Seek and you shall find! Minorities have been underrepresented in many fields but none so glaringly as in the field of Education. Our founder Audrey Cohen recognized this in the 1960's. Cohen launched the Women's Talent Corps (WTC) in 1964, addressing a need for both jobs and training. The program prepared motivated women, with some experience in their low-income neighborhoods, for jobs to assist their communities. The WTC program created a new level of "paraprofessional" positions including: teacher's assistant, guidance counselor assistant and paralegal. People of color gained a stronger voice in the organizations that served their communities. Now, nearly 60 years later, Metropolitan College of New York (MCNY) continues the mission of our founder by educating teachers who address the same need in, unfortunately, many of the same communities.
Thomas teaches in the poorest district in the nation - the South Bronx. He says, "As a bi-racial male minority growing up in NYC, I understand the need to have culturally relevant, loving, determined, and passionate educators. Some of these young students are coming from broken homes, shelters, abuse, and what is considered to be a failing demographic. Pouring my life out into these children is a privilege. Coming into the classroom each and every day and letting my students know that I believe in them and that they can accomplish anything they set out to achieve without the fear of failure, is my motivation."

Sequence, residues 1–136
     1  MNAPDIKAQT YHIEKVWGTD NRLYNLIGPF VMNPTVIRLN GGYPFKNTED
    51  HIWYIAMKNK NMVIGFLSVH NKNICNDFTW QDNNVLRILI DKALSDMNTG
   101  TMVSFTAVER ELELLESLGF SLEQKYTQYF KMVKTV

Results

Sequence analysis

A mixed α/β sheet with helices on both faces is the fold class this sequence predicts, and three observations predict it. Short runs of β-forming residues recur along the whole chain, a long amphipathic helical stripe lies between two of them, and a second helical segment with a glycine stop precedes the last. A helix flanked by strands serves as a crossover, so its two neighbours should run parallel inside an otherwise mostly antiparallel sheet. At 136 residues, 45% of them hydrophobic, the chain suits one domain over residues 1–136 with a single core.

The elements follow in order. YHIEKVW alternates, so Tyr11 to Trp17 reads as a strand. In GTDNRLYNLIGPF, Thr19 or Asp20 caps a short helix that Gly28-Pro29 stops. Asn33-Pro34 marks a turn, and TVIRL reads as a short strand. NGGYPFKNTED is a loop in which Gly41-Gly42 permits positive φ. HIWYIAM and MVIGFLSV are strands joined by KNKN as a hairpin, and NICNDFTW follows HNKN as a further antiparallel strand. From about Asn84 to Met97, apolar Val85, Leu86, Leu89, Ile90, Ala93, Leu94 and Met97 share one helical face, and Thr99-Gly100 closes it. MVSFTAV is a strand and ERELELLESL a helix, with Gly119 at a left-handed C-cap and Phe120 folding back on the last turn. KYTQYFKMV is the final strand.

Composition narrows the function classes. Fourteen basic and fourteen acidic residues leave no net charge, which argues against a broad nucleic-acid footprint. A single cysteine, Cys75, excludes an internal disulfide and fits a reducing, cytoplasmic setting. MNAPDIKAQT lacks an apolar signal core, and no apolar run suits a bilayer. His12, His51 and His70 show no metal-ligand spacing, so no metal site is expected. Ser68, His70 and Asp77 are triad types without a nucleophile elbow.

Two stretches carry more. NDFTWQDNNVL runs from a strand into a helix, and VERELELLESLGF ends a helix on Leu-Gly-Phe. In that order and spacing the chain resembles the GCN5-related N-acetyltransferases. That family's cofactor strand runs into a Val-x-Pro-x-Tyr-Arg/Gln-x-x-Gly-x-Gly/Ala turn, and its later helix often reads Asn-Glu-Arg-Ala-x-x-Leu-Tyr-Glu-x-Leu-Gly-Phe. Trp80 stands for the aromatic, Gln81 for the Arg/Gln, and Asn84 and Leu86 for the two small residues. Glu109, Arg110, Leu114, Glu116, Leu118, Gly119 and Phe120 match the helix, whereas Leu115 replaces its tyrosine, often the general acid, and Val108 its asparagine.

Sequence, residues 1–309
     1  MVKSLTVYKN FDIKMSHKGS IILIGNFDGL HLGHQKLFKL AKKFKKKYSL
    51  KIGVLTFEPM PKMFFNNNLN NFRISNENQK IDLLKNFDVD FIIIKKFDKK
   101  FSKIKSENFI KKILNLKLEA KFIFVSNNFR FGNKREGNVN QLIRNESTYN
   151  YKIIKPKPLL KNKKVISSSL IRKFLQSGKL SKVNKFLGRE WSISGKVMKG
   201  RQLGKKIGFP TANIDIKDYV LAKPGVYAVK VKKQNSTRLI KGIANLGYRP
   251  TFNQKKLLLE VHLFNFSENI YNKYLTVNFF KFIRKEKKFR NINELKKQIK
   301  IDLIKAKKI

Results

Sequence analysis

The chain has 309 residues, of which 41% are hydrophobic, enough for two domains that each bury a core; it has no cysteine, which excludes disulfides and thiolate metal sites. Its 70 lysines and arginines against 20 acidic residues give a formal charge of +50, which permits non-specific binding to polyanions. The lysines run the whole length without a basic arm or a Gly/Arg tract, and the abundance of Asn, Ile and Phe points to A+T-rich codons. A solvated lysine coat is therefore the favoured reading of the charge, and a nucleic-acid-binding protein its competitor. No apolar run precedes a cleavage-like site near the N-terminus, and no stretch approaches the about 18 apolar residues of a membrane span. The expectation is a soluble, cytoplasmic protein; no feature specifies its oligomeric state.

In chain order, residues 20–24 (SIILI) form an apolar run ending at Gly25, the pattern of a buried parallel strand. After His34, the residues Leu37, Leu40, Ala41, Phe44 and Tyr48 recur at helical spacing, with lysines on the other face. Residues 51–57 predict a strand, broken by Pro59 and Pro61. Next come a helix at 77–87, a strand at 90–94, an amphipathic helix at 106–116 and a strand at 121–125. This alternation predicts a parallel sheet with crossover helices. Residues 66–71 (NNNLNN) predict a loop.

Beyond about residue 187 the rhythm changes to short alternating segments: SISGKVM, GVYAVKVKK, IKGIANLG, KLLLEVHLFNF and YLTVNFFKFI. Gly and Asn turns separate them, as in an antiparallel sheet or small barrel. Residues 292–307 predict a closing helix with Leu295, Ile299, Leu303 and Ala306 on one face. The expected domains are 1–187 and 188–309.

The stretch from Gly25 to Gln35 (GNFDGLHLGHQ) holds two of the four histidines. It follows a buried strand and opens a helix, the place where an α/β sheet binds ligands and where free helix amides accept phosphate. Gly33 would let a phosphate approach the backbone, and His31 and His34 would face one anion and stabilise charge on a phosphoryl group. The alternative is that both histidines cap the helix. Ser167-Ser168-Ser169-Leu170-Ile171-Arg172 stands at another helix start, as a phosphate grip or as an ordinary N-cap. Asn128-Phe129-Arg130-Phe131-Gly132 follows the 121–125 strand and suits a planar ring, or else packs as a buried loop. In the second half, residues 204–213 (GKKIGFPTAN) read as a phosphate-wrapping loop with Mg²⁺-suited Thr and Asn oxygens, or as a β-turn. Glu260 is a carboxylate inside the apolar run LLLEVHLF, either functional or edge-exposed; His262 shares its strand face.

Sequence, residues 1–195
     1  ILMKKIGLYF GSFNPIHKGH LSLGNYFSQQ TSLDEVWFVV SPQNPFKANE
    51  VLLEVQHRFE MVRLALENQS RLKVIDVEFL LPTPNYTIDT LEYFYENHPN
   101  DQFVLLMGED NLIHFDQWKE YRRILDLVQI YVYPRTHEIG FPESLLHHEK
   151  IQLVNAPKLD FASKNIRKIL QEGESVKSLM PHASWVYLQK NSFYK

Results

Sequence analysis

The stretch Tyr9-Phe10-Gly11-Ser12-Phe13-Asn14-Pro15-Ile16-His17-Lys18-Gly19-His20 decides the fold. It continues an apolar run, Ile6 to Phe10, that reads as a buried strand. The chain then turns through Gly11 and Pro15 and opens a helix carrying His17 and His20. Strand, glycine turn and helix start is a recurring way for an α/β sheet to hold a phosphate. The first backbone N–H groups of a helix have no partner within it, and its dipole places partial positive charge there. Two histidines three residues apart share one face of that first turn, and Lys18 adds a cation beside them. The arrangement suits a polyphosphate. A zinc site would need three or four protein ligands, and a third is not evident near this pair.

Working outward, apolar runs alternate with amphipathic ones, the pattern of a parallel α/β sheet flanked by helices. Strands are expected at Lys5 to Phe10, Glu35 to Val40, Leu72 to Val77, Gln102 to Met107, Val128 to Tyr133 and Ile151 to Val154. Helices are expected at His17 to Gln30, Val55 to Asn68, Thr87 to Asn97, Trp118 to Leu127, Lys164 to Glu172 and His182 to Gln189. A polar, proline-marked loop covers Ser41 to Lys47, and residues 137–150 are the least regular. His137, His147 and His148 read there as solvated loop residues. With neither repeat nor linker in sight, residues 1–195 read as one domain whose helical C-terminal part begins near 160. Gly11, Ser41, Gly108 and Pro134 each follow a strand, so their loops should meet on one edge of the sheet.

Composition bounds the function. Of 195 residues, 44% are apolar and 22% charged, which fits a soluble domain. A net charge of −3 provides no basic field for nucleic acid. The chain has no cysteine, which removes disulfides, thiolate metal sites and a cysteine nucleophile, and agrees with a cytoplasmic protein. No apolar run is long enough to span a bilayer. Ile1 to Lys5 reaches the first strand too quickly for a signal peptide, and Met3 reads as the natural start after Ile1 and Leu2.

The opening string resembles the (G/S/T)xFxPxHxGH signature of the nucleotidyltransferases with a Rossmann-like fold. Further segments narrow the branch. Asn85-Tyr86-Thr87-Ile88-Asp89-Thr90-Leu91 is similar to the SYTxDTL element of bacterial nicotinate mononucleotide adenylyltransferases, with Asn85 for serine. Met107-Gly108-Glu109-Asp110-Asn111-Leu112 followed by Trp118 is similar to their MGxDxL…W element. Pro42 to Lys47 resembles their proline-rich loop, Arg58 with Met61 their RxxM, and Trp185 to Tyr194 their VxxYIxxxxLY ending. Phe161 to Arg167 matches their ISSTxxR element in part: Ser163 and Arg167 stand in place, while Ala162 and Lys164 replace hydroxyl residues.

Testimonials like this are not far and few between for MCNY. For the most part, these are the kinds of students that we attract - by design. Our greatest resource for students is our alumni base. Our outreach is organic as our professors and alumni stay in touch. This tightly knit, small community is one that spreads across the New York metro and the country. As a minority serving institution, we put an emphasis on community, both the internal institutional community and the outside community that we serve. We have found that our black and brown students are even more passionate about ensuring that the policies created by federal, state and city governments serve their communities better. The perspective shared by our alumni, a policy that is unspoken, is made very clear that it is important for educators of color to play an active role in shaping school experiences for all students and specifically, students of color.
Students need to know what qualities they already possess and which qualities they need to obtain in order to be effective in the classroom. This is where we start. MCNY's intimate approach provides experience that you cannot gain by a passive, textbook-only approach. We provide an environment for our students to learn content and skills while also learning about themselves.
Carlens completed his Master of Public Administration at MCNY. After learning about the policies that govern our educational system, he decided that he could impact "the system" by teaching kids like himself who are oftentimes, left behind. Now, 10 years later, as a certified teacher, he says, "I am teaching middle school in Atlanta, Georgia in a community where our scholars' safe haven is school. I am face-to-face interacting with our students at an age where they need guidance. They need to see themselves in me. This may be the only positive reflection they see. They have to know that they count. And that they can count on me. #Betheupgrade and make a difference!"